## Posts

Believable Promises 2018-04-16T16:17:42.812Z · score: 13 (4 votes)
Metamorphosis 2018-04-12T21:53:09.316Z · score: 6 (3 votes)
Trustworthy Computing 2018-04-10T07:55:54.612Z · score: 9 (2 votes)
The advantage of not being open-ended 2018-03-18T13:50:04.467Z · score: 21 (5 votes)
Environments for killing AIs 2018-03-17T15:23:07.489Z · score: 4 (4 votes)
Defect or Cooperate 2018-03-16T14:12:05.029Z · score: 12 (4 votes)
Optimum number of single points of failure 2018-03-14T13:30:22.222Z · score: 18 (6 votes)
Why mathematics works 2018-03-08T18:00:33.446Z · score: 22 (9 votes)
Naturally solved problems that are easy to verify but that would be hard to compute 2017-03-29T13:01:54.336Z · score: 9 (5 votes)
confirmation bias, thought experiment 2016-07-15T12:19:21.632Z · score: 1 (4 votes)
Noodling on a cloud : how to converse constructively 2015-06-15T10:30:07.427Z · score: 2 (3 votes)
What should a friendly AI do, in this situation? 2014-08-08T10:19:37.155Z · score: 10 (20 votes)
The Onrushing Wave 2014-01-18T13:10:01.806Z · score: 2 (6 votes)
The Ape Constraint discussion meeting. 2013-11-28T11:22:06.724Z · score: 12 (28 votes)
Suggestion : make it easier to work out which tags to put on your article 2013-10-18T10:50:36.207Z · score: 8 (8 votes)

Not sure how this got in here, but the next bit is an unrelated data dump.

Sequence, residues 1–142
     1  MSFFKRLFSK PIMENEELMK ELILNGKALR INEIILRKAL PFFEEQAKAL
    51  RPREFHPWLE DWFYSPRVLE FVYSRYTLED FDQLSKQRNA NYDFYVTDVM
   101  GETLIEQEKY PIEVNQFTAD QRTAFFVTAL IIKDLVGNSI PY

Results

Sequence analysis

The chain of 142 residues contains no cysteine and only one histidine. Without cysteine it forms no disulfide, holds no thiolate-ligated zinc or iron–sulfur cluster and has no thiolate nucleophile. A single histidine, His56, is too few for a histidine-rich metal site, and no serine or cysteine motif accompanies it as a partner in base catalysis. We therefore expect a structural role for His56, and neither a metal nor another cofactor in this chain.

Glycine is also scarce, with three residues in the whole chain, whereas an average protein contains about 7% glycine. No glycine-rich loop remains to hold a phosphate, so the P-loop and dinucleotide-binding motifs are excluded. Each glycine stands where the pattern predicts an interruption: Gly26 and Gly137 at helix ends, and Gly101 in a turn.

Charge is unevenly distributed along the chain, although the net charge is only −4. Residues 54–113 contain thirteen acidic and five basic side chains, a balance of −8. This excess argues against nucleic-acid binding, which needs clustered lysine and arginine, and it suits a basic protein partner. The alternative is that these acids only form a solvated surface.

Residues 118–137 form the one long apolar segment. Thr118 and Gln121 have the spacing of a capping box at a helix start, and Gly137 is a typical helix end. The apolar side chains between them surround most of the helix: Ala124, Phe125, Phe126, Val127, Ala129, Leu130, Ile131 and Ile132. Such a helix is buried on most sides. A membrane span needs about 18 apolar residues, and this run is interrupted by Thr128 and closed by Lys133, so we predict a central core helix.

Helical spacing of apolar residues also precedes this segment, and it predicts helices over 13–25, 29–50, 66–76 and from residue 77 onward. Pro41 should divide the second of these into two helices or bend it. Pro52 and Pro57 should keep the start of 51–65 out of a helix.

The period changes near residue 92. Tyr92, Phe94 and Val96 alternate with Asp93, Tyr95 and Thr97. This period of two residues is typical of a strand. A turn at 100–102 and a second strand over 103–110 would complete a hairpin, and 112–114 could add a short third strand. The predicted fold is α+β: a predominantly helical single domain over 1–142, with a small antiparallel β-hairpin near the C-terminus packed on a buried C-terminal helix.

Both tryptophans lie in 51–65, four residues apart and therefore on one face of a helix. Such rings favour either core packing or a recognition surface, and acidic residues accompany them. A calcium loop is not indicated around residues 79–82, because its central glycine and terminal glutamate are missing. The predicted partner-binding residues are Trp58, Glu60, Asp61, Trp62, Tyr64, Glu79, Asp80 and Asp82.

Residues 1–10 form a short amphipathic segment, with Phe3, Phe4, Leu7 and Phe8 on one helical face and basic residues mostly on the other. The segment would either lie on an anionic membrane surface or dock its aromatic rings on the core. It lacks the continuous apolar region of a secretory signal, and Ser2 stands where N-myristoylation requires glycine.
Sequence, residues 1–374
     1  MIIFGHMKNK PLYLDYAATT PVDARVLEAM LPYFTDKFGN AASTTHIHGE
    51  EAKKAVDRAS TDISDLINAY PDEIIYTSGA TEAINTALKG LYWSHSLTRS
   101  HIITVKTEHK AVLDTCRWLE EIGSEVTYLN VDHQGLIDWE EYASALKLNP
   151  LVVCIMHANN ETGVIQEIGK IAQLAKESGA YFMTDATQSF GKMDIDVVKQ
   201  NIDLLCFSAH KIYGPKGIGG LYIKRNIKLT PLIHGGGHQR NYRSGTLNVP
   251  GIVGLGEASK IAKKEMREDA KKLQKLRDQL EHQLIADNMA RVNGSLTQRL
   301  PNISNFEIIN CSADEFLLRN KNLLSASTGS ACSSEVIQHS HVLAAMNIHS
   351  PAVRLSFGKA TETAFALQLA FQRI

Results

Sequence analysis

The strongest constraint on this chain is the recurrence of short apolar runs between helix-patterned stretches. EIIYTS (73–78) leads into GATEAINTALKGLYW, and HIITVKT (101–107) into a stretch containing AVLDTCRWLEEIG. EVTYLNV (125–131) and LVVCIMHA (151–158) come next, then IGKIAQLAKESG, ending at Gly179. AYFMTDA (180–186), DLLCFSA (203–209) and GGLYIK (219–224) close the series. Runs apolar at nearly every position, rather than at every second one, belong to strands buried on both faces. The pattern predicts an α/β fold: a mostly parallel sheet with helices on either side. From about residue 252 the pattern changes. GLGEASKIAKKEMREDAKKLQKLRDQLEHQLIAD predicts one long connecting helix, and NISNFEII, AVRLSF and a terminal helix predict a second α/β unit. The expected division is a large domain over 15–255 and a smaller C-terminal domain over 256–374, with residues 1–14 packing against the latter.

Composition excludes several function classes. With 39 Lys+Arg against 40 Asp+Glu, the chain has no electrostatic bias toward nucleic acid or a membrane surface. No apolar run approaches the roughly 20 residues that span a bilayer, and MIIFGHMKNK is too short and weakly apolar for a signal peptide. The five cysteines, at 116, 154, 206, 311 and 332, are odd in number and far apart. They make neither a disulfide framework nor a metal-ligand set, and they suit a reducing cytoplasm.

[LINK] Centre for the Study of Existential Risk is now on slashdot 2013-06-23T06:59:13.056Z · score: 1 (7 votes)
Daimons 2013-03-05T11:58:11.072Z · score: -3 (8 votes)
A solvable Newcomb-like problem - part 3 of 3 2012-12-06T13:06:24.638Z · score: 3 (4 votes)
A solvable Newcomb-like problem - part 2 of 3 2012-12-03T16:49:38.161Z · score: 0 (1 votes)
A solvable Newcomb-like problem - part 1 of 3 2012-12-03T09:26:46.005Z · score: 1 (2 votes)
How minimal is our intelligence? 2012-11-25T23:34:06.733Z · score: 56 (59 votes)
Conformity 2012-11-02T19:02:40.723Z · score: 8 (9 votes)
Meetup : Cambridge UK Weekly Meeting 2012-10-24T14:36:09.853Z · score: 1 (2 votes)
[Book Review] "The Signal and the Noise: Why So Many Predictions Fail—But Some Don’t.", by Nate Silver 2012-10-07T07:29:43.869Z · score: 9 (10 votes)
How to deal with someone in a LessWrong meeting being creepy 2012-09-09T04:41:06.895Z · score: 22 (64 votes)
Meetup : Punt Trip 2012-06-10T14:05:06.238Z · score: 0 (1 votes)
Global Workspace Theory 2012-06-05T17:16:23.448Z · score: 10 (11 votes)
Meetup Formats 2012-04-29T15:43:51.051Z · score: 1 (2 votes)
What is life? 2012-04-01T21:12:11.269Z · score: 9 (22 votes)
LiveJournal Memes 2012-03-18T02:56:46.571Z · score: 14 (17 votes)
Friendly AI Society 2012-03-07T19:31:23.052Z · score: -1 (14 votes)

Comment by douglas_reay on Decision Theory · 2019-09-24T04:22:39.602Z · score: 2 (1 votes) · LW · GW

# A solvable Newcomb-like problem

Comment by douglas_reay on Decision Theory · 2019-09-24T03:27:12.593Z · score: 2 (1 votes) · LW · GW

I wonder how much an agent could achieve by thinking along the following lines:

Big Brad is a human-shaped robot who works as a lumberjack. One day his employer sends him into town on his motorbike carrying two chainsaws, to get them sharpened. Brad notices an unusual number of the humans around him suddenly crossing streets to keep their distance from him.